Another popular outdoor kitchen cabinet material is marine-grade polymer. Polymer is a synthetic material like a heavy-duty plastic, and marine-grade means it can be used outdoors, it can get wet without rusting and deteriorating, it doesn’t stain and is UV-resistant. Polymer is truly weather proof and not simply weather resistant. It can take anything Mother Nature throws at it and still keep its good looks. 

Polymer is engineered for direct exposure to rain, snow and extreme temperatures, hot or cold. This cabinetry will not split, fade or crack.  And it definitely won’t absorb water and swell like wood cabinets do. Plus, it comes in different colors and different door styles are available.

It can be hosed down for cleaning. And it’s bug proof!  Because no organic material is used, there’s nothing for bugs to munch on.

The disadvantage to polymer cabinets is that the polymer material is very dense and the cabinets are very heavy. Plus the polymer requires specialized equipment to cut and shape the panels, doors and drawer fronts, making them expensive.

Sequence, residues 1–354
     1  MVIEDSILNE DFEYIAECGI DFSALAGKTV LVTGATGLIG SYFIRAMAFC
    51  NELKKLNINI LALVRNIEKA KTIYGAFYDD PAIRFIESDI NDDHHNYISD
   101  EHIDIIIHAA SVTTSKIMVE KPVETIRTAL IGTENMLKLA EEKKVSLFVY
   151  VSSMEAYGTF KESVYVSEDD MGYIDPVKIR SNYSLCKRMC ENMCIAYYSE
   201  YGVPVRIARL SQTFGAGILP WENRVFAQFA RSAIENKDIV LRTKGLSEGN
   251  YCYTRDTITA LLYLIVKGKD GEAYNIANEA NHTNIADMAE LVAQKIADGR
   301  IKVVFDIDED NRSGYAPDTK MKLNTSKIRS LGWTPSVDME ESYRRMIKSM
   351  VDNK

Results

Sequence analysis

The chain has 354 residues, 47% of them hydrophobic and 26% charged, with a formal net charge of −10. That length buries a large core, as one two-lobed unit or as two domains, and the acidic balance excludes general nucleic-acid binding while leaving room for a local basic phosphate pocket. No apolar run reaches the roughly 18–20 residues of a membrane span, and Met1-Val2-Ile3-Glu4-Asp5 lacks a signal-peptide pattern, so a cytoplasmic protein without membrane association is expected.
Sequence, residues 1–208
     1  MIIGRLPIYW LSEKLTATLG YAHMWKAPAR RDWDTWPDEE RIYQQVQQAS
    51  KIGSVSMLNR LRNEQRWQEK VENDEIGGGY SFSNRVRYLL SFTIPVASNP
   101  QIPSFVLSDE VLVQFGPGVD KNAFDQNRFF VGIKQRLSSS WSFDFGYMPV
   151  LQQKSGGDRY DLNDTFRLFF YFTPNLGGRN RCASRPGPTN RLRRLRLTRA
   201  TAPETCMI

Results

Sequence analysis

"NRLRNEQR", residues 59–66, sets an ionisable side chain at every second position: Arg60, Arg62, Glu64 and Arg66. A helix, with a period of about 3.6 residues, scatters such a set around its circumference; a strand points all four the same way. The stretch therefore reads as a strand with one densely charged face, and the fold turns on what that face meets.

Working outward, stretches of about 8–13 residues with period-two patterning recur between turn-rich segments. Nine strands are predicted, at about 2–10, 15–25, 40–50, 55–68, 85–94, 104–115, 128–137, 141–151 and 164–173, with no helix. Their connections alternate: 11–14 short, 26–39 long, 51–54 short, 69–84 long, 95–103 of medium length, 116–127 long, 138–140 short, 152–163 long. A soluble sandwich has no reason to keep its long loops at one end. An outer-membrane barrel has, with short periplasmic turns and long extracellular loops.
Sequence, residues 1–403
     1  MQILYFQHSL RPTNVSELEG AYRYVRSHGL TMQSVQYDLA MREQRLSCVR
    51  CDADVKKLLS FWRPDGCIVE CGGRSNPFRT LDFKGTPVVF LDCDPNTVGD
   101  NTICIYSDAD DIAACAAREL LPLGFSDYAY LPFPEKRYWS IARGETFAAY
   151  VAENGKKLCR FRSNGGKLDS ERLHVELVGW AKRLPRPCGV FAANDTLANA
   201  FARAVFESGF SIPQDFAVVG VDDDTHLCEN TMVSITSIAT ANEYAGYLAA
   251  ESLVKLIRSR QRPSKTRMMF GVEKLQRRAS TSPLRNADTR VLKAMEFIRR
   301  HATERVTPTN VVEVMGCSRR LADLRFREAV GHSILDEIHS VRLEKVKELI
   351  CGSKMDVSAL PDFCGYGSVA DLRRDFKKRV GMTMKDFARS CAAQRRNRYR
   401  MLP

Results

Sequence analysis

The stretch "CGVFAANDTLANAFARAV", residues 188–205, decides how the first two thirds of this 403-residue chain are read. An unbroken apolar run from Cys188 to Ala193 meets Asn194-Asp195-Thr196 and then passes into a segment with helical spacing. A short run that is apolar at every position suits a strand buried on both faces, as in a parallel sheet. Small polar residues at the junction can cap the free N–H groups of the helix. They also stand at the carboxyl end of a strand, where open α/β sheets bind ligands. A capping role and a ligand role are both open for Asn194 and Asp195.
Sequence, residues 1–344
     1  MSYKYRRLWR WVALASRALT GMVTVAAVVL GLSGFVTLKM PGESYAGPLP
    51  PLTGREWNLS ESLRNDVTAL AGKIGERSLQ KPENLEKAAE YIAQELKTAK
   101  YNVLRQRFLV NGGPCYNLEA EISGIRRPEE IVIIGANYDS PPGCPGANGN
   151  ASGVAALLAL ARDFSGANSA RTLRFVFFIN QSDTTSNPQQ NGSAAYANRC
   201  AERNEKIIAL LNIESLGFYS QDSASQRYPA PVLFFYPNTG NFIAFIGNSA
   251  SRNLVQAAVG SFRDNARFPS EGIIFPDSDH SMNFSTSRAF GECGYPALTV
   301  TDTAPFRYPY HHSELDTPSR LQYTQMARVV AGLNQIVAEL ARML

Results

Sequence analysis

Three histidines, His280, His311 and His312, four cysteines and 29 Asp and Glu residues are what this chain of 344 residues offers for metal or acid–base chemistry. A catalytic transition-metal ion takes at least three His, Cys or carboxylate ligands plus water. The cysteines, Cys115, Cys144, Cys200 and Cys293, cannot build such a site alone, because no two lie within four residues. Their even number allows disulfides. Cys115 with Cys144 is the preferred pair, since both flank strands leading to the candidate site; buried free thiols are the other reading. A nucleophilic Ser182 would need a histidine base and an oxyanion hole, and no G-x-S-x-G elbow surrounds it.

Teak and Cypress

People who want wood and not metal or plastic for their outdoor kitchen cabinets should consider Teak or Cypress.

Teak and cypress are not as weather-resistant as steel or polymer, but they are naturally more weather-resistant than other woods, such as Oak or Cherry. They can withstand all types of weather. They repel water, and as a result, don’t warp, crack or become brittle.

When new, Teak wood has a honey brown color. Over time it will fade and age naturally into a soft grey. Many people like the weathered look and can’t wait for their teak to develop its natural patina.